The only real downside for us is that this mobo is perhaps a little too flashy and may not suit more restrained gaming builds. Thankfully, you can disable all the RGB bling within the BIOS if you want, though other elements may still clash. But that's a small criticism of an otherwise top board.

2. Asus ROG Strix Z390-I Gaming

Best for small form-factor Intel 9th Gen builds

Specifications

CPU support: Intel 8th and 9th Gen

Socket: LGA 1151

Size: Mini-ITX

Memory support: 2x DIMM, 64GB, DDR4-4800 (OC)

Expansion slots: 1x PCIe x16

Video ports: HDMI 2.0, DisplayPort 1.2

USB ports: 7x rear IO, 1x front IO, 4x internal

Storage: 2x M.2, 4x SATA

Network: Ethernet, 866Mbps 802.11ac

Lighting: Edge RGB, 1x Addressable Aura RGB

Reasons to buy

+Dual M.2 slot+Great overclocking and system performance

Reasons to avoid

-RGB Software issues-Runs run

As the price drops and the previous Z370-based model disappears from vendors, ASUS's Strix Z390-I Gaming moves into the boutique ITX segment's top spot. Despite its diminutive size and paucity of upgrade options, the ROG Strix Z390-I Gaming provides excellent performance and value. Boasting stable 5GHz overclocks using several memory speeds, including 3,600MHz with tweaking, its single PCIe x16 slot pushed top-shelf graphics cards to speeds that matched or exceeded most Z390 ATX boards during testing.

The smallest Strix has a lengthy features list, with no shortcomings despite the tiny form factor, including dual PCIe Gen3 x4 M.2 slots, Intel v219 ethernet, upgraded Intel 9560 2x2 802.11ac Wi-Fi, and an ALC1220A audio codec supported by isolated circuitry and headphone amps. Despite the dense set of features, the Strix Z390-I's clean design makes quick system assembly and configuration an important consideration for ITX rig building.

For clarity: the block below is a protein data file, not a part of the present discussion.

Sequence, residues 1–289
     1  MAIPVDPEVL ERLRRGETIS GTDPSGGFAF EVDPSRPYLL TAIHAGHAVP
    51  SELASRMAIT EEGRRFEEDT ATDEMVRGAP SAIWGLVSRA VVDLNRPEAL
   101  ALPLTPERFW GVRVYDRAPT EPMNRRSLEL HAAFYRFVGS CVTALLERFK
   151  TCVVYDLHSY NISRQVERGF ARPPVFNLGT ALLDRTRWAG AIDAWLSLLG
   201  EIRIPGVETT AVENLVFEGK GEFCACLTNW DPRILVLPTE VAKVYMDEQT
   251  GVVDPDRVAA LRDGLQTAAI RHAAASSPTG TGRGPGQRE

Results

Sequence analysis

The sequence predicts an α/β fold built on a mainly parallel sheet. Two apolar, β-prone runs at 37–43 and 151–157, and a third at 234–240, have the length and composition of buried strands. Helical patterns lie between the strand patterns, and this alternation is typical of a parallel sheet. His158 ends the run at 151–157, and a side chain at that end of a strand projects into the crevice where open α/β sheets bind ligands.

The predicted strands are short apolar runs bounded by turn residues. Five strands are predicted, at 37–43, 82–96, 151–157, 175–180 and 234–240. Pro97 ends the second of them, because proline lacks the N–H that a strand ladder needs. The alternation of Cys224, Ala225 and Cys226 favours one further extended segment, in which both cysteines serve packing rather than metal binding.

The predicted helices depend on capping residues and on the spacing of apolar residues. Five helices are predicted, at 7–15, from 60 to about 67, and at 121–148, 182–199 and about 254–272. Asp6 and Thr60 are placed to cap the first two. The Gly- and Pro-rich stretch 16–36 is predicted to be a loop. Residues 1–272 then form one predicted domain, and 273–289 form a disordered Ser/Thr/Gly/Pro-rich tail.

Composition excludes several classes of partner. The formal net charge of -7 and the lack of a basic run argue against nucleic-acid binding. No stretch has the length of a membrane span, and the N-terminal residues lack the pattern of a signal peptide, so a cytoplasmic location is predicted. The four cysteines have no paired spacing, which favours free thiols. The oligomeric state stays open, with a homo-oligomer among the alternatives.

It's worth noting that this board can be hard to find, but the previous generation ROG Strix Z370-I model, with its slimmer design, remains an excellent alternative, especially at clearance prices.

Best AMD X570 motherboard

1. Asus ROG Crosshair VIII Dark Hero

The best X570 ever created, and the last AM4 board you'll ever need

Specifications

CPU support: AMD Ryzen 5000 Series / 4000 G-Series / 3000 Series/ 3000 G-Series / 2000 Series / 2000 G-Series

Socket: AM4

Size: ATX